About Pr. Berner

About Pr. B. —

I grew up on the Great Plains. My family lived in the fifth largest metropolitan area in South Dakota – Watertown, with a population of 14,007. I know because I rode my bike to the edge of town every spring to check out the “Welcome” sign, and every year the population was the same – 14,007 (it is now the fourth largest “city” in the state). That is where The Way began for me.

I was connected to the earth from my earliest days. We lived in “town”, but we had a huge garden – or was it a small farm? We had a tractor and a plow to turn the soil over every spring. Every year my father ordered 1,000 tomato plants and 3,000 cabbage plants from Georgia because we had a short growing season. We grew carrots, onions, cucumbers, squash, corn, beans, peas, beets, and potatoes. The entire garden was surrounded by hundreds of peonies.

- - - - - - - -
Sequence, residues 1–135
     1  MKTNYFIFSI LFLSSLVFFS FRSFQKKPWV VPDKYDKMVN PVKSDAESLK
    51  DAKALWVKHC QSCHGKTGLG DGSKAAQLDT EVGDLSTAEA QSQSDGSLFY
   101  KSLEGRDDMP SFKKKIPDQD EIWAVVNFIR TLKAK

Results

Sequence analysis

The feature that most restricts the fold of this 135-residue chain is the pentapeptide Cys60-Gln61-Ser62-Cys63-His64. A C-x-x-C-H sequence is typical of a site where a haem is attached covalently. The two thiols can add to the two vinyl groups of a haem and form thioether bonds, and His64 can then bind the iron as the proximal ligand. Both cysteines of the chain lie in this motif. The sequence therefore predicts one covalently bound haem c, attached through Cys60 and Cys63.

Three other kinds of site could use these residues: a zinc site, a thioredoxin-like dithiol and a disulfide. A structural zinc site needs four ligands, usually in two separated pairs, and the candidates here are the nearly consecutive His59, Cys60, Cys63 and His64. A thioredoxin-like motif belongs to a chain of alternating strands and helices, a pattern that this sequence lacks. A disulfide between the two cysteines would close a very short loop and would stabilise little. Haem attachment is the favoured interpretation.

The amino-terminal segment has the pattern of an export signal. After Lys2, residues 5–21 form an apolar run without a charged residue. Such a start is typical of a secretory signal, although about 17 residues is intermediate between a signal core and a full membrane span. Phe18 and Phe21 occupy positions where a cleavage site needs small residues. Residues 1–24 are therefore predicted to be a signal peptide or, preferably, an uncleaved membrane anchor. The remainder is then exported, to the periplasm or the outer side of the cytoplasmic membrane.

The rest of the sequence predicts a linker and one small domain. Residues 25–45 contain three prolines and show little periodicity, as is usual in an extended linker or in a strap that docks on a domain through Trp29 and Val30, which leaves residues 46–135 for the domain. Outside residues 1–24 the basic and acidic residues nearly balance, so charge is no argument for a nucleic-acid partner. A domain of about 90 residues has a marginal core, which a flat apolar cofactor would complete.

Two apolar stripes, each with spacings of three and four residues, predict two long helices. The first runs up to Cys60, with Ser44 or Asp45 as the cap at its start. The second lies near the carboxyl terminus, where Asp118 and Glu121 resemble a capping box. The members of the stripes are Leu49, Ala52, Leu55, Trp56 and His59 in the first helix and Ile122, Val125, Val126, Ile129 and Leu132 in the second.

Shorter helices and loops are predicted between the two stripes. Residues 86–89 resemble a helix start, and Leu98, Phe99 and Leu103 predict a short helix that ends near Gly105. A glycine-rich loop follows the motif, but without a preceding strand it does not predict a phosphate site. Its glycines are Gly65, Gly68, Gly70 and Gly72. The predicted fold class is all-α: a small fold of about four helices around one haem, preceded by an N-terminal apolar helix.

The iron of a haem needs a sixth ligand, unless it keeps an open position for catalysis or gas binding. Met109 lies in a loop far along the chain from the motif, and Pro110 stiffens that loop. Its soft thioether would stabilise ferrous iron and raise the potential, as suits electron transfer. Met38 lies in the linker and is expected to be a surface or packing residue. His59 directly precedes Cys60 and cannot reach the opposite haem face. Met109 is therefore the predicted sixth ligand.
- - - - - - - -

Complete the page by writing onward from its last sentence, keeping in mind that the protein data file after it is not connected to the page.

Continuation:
I enjoyed planting the corn and potatoes, because I did that with my father. He dug the hole and I threw in a few kernels of corn or some old smelly potatoes cut up with “eyes” sticking out. I did not enjoy weeding the garden, and many times the weeds won out toward the end of the summer – but the harvest was always delicious. I never tasted sweet corn that was more than 15 minutes old. My father picked the corn, I husked the corn, and my mother cooked the corn.

When my father and I traveled through the countryside to go seining for minnows, to go fishing or hunting, my father quizzed me on what crop was growing in each field we passed. He would point to the right or left and I would say: corn, wheat, barley, flax, soy beans, rye or barley. The most difficult to distinguish were wheat and oats – they look so much alike. My favorite crop was flax (linen is made from flax, as is the fine paper used for Bibles), because when it was in bloom it looked like a blue sea.

There is no record in the Bible of Jesus gardening, but from his parables it is obvious that his father taught him about gardening – mustard, grapes, mint, wheat, rue, barley, olives, and lilies. I learned the parables from Sunday School teachers, pastors, and professors, but I came to understand them through what my father taught me in the garden.